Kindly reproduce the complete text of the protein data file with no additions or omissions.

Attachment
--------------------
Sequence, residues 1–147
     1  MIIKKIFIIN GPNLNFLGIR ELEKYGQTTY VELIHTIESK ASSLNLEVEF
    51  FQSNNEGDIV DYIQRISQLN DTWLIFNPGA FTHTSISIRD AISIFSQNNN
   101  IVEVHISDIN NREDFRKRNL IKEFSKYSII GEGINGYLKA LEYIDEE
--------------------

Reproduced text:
Sequence, residues 1–147
     1  MIIKKIFIIN GPNLNFLGIR ELEKYGQTTY VELIHTIESK ASSLNLEVEF
    51  FQSNNEGDIV DYIQRISQLN DTWLIFNPGA FTHTSISIRD AISIFSQNNN
   101  IVEVHISDIN NREDFRKRNL IKEFSKYSII GEGINGYLKA LEYIDEE